Coronavirus hitting Shelton nursing, assisted living facilities hard
SHELTON — Four more Shelton residents have died from coronavirus-related complications, bringing the number of city deaths to 52, according to health district data released Wednesday.
Naugatuck Valley Health District stated that all four deaths reported Wednesday were residents of a city nursing home or assisted living facility. The majority of deaths in Shelton have been residents of such facilities.
“The deaths reported to NVHD today occurred within the last week, not necessarily since the last NVHD report,” said health district Director Jessica Stelmaszek. “Nevertheless, it is unfortunate that this virus is (con)tributing to so many deaths among the Valley’s elderly and nursing home assisted living facility population.
“This is a very sad and difficult time for the families and loved ones affected by each passing,” added Stelmaszek. “We also acknowledge how difficult this is for the healthcare workers and caretakers who are somewhat of an extended family of these individuals. The NVHD staff is keeping all the affected in our thoughts and prayers.”
Overall, there are 276 positive cases in the city, by far the most in the Valley, according to NVHD data released Wednesday. In all, there are 64 Valley deaths from complications related to COVID-19, and 58 of those deaths were residents of nursing homes or assisted living facilities.
Statewide, there are 14,755 positive cases — 6,480 of those in Fairfield County — with 868 deaths from COVID-19-related complications. Overall, there are 1,908 people hospitalized with COVID-19. These numbers have prompted Gov. Ned Lamont to recommend that all residents wear masks or facial coverings when in public while also maintaining social distancing if leaving their home is necessary.
For public health surveillance, laboratory-confirmed COVID-19-associated deaths are defined as patients who tested positive for COVID-19 around the time of death, said Stelmaszek, adding that this is not a determination of the cause of death.
The Valley now has 657 positive cases, according to Stelmaszek, adding that the health district is continuing to urge residents to stay home as much as possible and practice social distancing by keeping 6 feet between you and others if you must go out.
“It is evident that we remain in the acceleration phase of the COVID-19 pandemic, meaning we are consistently receiving an increasing number of cases,” Stelmaszek said. “With an increasing number of cases, we can expect that we will continue to see an increased number of COVID-19-related deaths. We expect the Valley cases to continue to rise over the next few days.”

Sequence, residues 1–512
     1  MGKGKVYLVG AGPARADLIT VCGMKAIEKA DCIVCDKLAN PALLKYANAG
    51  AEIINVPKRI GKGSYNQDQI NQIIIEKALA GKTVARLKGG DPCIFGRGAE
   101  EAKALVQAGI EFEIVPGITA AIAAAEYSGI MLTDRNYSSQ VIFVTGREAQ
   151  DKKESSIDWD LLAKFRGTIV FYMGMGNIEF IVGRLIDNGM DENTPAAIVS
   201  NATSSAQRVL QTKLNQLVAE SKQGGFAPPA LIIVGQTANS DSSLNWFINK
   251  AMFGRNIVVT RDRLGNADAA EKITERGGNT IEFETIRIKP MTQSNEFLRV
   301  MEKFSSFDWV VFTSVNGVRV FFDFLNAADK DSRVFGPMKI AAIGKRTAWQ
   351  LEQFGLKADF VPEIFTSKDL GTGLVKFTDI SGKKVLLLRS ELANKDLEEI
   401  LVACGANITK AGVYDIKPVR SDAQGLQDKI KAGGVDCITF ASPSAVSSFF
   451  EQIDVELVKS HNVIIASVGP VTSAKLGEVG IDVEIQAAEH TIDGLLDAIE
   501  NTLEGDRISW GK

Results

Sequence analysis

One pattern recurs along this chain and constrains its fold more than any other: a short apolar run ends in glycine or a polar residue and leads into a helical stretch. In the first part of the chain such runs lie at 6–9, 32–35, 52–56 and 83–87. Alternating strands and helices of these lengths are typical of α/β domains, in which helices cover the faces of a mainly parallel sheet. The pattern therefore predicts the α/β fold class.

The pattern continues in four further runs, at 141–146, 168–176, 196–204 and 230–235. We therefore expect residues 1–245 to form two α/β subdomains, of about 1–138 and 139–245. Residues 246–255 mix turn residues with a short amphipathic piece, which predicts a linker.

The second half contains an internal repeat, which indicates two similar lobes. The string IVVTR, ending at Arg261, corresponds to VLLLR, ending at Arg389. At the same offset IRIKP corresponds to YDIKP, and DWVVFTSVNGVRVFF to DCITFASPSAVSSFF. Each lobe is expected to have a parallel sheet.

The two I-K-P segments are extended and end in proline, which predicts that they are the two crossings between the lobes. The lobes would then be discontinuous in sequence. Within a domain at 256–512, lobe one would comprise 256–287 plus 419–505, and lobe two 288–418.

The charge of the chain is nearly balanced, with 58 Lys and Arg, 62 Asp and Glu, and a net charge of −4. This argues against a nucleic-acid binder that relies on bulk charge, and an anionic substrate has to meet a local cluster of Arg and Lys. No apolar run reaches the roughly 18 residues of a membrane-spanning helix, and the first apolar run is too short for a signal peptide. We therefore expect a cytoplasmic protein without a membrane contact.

To minimize the amount of people who can be exposed, Stelmaszek said families should designate one person per household to do grocery shopping or other necessary errands. Those going out in public should wear a cloth face covering, she added.
Of the Valley deaths, 46 were people 80 and older, 14 were between 70 and 79, three were between 60 and 69 years of age, and one was between 40 and 49.
Beside Shelton’s 249 positive cases, there are 105 in Naugatuck, 101 in Ansonia, 95 in Seymour including 11 deaths, 58 in Derby, with one death reported Monday, and 22 in Beacon Falls.
Data show that 189, or 29 percent, of the 657 confirmed cases among Valley residents are individuals who currently reside in a nursing home, assisted living facility, group home or similar setting. Overall, 131 of Shelton’s 276 confirmed COVID-19 cases are residents of nursing or assisting living facilities.
Positive cases cover a wide range of ages, with Valley data showing that 141 people are 80 and older; 65 are between 70 and 79; 105 are between 60 and 69; 96 are between 50 and 59; 102 are between 40 and 49; 87 are between 30 and 39; 56 are between 20 and 29; and five between 10 and 19 years of age.
Lamont’s executive orders have shuttered all schools until at least May 20 and directed employees at nonessential businesses to stay home until further notice. Gatherings of more than five people are prohibited. The governor has stated that schools may remain closed until the fall.
“Residents should continue to heed the advice of their chief elected officials and stay home as much as possible and continue to practice social distancing to avoid exposure and further spread of the virus,” Stelmaszek said.
The state Department of Public Health now publishes a report at ct.gov/coronavirus that breaks down positive COVID-19 cases by town.